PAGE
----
Unauthorised overdrafts could cost up to £690 a year
Published 11 March 2016 by Emily Bancroft
It costs to use a planned overdraft but could cost even more if you hadn’t planned to borrow.
The average cost of an authorised overdraft is now at an all-time high of £6.88 a month, according to new figures. This means consumers could spend an average of £82.56 in a year on their authorised overdrafts, up from an average of just £26.40 a year back in 2009.
However, that’s just customers with agreed overdrafts – those with unauthorised overdrafts could end up paying substantially more. The total of average monthly unauthorised overdraft fees is £57.50 – that equates to £690 a year.
An authorised overdraft is when you set up a prior agreement with your bank, building society or account provider that you’ll be able to spend more money than you have in your account. There can be a monthly fee for this but consumers can sometimes have to pay extra fees when they’re actually overdrawn as well.
Borrowers can also be charged interest on their overdrawn balance and it seems that the rate of this is increasing as well. Back in 2009, the average interest rate on an unauthorised overdraft was 12.4 per cent according to the stats from Moneyfacts.co.uk. Now, consumers could expect to pay an average of 13.89 per cent on what they owe, showing that the cost of borrowing through an agreed overdraft is increasing.
When it’s unplanned
If consumers don’t have an overdraft agreed with their bank but end up going overdrawn anyway – possibly due to an unexpected bill or to tide them over until payday – this is what’s known as an unauthorised overdraft. Using an unauthorised overdraft is often a lot more expensive than an authorised overdraft because fees for these types of overdrafts are usually higher.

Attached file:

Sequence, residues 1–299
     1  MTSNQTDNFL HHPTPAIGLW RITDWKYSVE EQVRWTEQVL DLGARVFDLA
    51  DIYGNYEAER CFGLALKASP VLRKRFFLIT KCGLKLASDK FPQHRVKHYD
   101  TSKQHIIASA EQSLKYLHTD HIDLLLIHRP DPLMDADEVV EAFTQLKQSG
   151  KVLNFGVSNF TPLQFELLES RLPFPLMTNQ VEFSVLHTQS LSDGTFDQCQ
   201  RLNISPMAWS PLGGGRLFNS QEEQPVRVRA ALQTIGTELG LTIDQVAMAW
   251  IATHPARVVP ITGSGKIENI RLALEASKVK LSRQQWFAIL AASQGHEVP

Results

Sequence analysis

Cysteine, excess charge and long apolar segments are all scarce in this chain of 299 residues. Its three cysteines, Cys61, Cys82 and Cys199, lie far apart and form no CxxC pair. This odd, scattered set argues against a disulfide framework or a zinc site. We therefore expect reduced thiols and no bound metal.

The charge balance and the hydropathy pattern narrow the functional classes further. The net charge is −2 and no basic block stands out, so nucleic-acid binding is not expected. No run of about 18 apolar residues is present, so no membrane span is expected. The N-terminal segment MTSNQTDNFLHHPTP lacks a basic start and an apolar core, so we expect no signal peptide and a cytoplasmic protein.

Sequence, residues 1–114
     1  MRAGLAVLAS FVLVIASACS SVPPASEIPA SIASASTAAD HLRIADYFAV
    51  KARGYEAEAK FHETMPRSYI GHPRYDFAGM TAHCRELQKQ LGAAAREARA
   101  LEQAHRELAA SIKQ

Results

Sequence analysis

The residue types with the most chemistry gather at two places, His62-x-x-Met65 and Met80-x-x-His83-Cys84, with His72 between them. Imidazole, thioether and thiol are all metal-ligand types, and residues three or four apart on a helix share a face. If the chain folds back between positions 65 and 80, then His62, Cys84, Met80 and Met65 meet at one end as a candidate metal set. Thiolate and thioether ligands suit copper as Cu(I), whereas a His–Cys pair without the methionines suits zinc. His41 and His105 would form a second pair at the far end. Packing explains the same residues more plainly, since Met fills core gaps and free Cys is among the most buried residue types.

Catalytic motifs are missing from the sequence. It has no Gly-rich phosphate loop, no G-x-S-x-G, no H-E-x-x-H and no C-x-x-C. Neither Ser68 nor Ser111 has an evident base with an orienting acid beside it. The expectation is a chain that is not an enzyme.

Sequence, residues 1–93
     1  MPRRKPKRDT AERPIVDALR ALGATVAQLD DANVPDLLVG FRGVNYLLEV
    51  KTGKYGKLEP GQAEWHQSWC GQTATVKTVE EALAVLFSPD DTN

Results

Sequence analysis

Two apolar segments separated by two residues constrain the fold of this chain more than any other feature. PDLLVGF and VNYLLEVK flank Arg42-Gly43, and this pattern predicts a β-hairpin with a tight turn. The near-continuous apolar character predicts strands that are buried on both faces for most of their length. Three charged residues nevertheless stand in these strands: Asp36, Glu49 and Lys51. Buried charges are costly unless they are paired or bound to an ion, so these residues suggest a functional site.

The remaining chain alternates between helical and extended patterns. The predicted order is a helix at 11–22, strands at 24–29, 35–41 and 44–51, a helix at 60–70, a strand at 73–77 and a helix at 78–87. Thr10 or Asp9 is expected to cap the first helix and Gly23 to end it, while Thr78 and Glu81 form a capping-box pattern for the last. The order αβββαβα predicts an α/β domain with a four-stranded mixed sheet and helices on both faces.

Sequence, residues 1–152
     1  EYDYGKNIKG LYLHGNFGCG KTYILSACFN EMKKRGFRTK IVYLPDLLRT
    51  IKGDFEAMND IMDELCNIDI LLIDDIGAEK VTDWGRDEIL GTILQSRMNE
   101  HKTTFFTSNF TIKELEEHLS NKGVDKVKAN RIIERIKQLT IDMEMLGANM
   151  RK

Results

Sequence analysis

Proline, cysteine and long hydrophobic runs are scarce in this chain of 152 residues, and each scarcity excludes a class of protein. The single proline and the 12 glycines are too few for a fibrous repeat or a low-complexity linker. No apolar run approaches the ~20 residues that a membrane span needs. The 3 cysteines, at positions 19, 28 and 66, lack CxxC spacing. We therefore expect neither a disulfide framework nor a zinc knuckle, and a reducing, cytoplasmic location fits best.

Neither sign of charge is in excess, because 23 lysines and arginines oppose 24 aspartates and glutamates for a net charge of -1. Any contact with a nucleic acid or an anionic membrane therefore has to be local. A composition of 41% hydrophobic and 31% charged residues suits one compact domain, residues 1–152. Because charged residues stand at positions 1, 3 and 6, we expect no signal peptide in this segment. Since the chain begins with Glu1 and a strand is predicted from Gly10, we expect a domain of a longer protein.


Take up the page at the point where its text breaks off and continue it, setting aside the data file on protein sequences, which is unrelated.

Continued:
Consumers will generally have to pay a fee for going into their unauthorised overdraft and then extra charges for every day that they’re overdrawn. They’ll also pay an average of 12.85 per cent interest on their overdrawn balance – meaning it can work out quite expensive for those who are in an unauthorised overdraft for an extended period.
It can be all too easy to slip into an overdraft if you’re on a very tight budget where you can only just afford all of your bills and financial commitments but you have no disposable income to give you ‘breathing space’. This means that just one unexpected bill – the car breaking down or the fridge stopping working – could push you over budget and into your unauthorised overdraft just so you can afford to make ends meet.
One way you could stop yourself going into an unauthorised overdraft is with the thinkmoney Current Account. The account will set aside any money needed for any upcoming bills that you’ve told us about. This means that when you have an income paid in, the money needed for your bills will be ring-fenced so you won’t be able to accidentally spend it. If you have an unexpected bill, you can get in touch with one of our Money Managers and they’ll be able to look at your upcoming budgeting with you to see if there’s anywhere you can free money up from temporarily.
The thinkmoney Current Account has a monthly management fee of £10 – for more information, click here.